10 Best Solar Panels in Australia 2021

sunpower, rec & lg solar panels

We often get asked, what are the best quality solar panels in Australia? It’s not a straightforward question to answer, however in the below table is our attempt to provide a justifiable ranking of the best solar panels you can buy in Australia.

Please read our methodology below – we have attempted to be as transparent as possible. Importantly, we do not sell any of these products and have not received any compensation from any product manufacturers. Please email us if you have any concerns about this article.

 

Solar Choice’s List of the Best Solar Panels in Australia for 2021:

Brand Image Criterion 1: Warranty Criterion 2: Efficiency Criterion 3: Bloomberg Tier 1 Criterion 4: Degradation Rate
Sunpower Maxeon 3 sunpower maxeon 3 Product 25 years

Performance 25 years

Up to 22.6% Yes Guaranteed 92% after 25 years
REC Alpha Series rec alpha series Product 25 years

Performance 25 years

Up to 21.7% Yes Guaranteed 92% after 25 years
LG Neon R lg neon r Product 25 years

Performance 25 years

Up to 22.00% Yes Guaranteed 90.8% after 25 years
Jinko Tiger 66 cell jinko tiger 66 cell Product 25 years

Performance 30 years

Up to 21.22% Yes Guaranteed 87.4% after 30 years
Hyundai VG Series Hyundai VG Series Product 25 years

Performance 25 years

Up to 20.4% Yes Guaranteed 84.8% after 25 years
Solarwatt Vision 60M Solarwatt Vision 60M Product 30 years

Performance 30 years

Up to 19.4% No Guaranteed 87% after 30 years
Q-Cells Q.Peak DUO G8 Q-Cells Q.Peak DUO G8 Product 25 years

Performance 25 years

Up to 20.1% Yes Guaranteed 85% after 25 years
Longi Hi-MO4 Longi Hi-MO4 Product 12 years max

Performance 25 years

Up to 20.9% Yes Guaranteed 84.8% after 25 years
Winaico Gemini Winaico Gemini Product 25 years (with registration)

Performance 25 years

Up to 20.62% No Guaranteed 85.28% after 25 years
Phono Twin Plus Phono Twin Plus Product 15 years

Performance 25 years

Up to 20.17% Yes Guaranteed 80.2% after 25 years.

Important note: This ranking reflects the opinion of Solar Choice only and we encourage readers to do their own research and come to their own conclusions.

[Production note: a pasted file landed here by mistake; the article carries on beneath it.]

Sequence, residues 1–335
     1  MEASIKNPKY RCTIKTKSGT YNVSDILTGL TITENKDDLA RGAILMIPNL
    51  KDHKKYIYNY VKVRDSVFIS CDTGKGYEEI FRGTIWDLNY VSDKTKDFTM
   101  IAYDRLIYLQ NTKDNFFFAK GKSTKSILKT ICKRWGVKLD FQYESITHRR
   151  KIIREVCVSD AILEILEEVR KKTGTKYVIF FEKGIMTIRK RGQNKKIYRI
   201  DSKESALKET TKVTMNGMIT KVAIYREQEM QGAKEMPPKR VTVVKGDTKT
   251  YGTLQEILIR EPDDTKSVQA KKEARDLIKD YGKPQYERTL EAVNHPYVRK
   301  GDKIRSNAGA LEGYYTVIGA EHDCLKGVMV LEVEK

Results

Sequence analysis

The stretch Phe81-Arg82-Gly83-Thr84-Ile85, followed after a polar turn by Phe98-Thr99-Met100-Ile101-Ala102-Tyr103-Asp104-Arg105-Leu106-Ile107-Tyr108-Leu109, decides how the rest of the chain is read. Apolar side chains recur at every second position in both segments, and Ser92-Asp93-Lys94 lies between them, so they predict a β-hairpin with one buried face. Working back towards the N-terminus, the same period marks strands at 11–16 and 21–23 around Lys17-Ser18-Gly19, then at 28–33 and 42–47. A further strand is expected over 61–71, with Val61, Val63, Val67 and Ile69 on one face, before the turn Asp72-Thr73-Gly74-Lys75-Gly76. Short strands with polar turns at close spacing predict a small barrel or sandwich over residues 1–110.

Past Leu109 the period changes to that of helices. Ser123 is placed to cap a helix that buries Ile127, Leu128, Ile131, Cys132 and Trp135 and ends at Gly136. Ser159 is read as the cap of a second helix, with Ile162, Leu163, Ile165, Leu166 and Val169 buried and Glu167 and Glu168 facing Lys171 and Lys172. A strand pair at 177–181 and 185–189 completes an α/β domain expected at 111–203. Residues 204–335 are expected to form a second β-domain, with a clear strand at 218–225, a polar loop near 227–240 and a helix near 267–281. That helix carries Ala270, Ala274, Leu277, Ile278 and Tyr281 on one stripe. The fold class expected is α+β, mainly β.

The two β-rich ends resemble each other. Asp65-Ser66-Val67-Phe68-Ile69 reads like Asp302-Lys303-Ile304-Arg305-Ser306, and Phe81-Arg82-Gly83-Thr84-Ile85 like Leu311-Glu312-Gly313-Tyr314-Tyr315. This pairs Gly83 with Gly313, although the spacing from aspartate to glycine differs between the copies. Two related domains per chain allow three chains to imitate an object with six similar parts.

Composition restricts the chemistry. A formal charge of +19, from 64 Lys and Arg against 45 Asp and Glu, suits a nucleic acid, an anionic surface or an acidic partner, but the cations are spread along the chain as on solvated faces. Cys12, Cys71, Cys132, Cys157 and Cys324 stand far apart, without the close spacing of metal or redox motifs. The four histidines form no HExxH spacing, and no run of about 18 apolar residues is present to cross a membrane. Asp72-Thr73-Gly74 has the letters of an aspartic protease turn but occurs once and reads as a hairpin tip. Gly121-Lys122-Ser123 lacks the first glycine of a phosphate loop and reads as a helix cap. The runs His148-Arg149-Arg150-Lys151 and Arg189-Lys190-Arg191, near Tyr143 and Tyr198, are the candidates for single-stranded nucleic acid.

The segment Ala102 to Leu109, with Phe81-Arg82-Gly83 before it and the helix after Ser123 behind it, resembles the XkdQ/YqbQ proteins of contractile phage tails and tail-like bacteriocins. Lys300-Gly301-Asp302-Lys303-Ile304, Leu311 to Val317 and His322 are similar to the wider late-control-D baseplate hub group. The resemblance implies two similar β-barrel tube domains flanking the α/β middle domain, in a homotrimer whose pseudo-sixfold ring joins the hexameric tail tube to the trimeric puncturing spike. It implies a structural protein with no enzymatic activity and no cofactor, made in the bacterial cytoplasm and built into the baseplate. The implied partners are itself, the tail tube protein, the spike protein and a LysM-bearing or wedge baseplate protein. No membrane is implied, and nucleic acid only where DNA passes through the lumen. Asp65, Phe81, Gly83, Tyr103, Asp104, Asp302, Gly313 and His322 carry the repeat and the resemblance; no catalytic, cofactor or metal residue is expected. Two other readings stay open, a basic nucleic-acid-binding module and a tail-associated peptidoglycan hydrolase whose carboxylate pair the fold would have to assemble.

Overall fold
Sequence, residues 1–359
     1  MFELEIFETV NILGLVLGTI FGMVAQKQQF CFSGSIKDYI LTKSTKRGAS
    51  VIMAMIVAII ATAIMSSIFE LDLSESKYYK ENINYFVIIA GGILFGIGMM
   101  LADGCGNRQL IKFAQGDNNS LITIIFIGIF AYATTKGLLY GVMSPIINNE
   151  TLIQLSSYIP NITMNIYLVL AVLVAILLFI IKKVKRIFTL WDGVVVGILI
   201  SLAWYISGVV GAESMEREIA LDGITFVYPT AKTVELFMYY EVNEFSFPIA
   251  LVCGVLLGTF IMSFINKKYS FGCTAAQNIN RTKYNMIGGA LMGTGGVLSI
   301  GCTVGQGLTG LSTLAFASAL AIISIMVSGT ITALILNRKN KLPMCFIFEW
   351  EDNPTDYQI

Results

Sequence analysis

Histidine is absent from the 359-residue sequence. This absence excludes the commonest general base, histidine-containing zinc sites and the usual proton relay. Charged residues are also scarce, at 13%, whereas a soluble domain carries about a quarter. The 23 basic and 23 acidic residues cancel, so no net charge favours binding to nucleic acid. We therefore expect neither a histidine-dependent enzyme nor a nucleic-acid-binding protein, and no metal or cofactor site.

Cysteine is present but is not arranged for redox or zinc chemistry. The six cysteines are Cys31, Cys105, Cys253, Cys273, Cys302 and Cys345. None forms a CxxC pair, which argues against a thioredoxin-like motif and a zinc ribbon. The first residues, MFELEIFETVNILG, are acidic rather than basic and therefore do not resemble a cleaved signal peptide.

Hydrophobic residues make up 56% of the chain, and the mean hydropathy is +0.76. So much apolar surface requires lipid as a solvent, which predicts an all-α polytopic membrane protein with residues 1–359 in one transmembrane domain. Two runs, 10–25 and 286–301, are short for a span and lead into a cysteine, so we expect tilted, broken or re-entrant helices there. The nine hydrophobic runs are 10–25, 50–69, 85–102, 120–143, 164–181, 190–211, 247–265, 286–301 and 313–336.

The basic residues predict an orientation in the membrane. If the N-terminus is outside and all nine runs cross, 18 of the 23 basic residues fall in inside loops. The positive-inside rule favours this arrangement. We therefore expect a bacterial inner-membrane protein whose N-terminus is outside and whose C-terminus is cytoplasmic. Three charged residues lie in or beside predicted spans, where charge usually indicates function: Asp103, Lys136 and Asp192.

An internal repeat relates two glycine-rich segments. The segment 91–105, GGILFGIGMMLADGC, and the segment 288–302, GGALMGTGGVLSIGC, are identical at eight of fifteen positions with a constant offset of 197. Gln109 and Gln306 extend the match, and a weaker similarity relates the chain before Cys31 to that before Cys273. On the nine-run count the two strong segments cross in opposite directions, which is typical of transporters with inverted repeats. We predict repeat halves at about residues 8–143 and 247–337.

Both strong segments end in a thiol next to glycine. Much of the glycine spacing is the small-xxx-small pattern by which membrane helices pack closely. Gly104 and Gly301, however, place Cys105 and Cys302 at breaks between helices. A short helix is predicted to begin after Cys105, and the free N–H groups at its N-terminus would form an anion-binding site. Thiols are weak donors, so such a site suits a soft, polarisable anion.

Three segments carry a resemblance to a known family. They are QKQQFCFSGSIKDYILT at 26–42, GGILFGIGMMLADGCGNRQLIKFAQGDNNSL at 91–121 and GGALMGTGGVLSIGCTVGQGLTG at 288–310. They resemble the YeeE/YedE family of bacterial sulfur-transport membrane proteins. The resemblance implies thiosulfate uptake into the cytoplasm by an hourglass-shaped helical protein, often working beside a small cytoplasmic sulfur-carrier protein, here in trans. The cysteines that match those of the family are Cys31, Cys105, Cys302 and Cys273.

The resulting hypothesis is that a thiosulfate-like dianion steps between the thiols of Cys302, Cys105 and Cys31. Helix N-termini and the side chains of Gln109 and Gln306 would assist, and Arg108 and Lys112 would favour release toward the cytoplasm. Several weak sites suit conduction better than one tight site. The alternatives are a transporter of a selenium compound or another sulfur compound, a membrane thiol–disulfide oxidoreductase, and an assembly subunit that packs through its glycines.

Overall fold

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Our Methodology: How we determined the best solar panels in Australia

This is focused on residential, mono-facial solar panel options looking at each brands best performing 60 cell / 120 half cell solar panel. In order to keep this simple we have narrowed it down to 4 of the most important criteria when assessing a solar panel. 

 

  1. Solar Panel Performance and Product Warranty

Trina duomax warranty 30 yearsOne of the most important criteria to consider is what warranty is provided by the manufacturer. As with most products the length of included warranty is a very good indicator of quality and durability. 

Solar panels come with a performance warranty and a product warranty. The performance warranty guarantees the solar panel will still produce a minimum percentage of its nameplate output at the end of its expected life (typically 25 years). Solar panels output always gradually degrade over time, but the rate at which they do so depends on the solar panel quality.

A solar panel product warranty covers defects in the manufacturing process. Typically in the industry we see a minimum of 10 years provided as a product warranty. 

All of the companies in our top 10 list have an office in Australia who you can contact to claim warranty. This is important to ensure you have some options if your installer goes out of business.

 

  1. Max Efficiency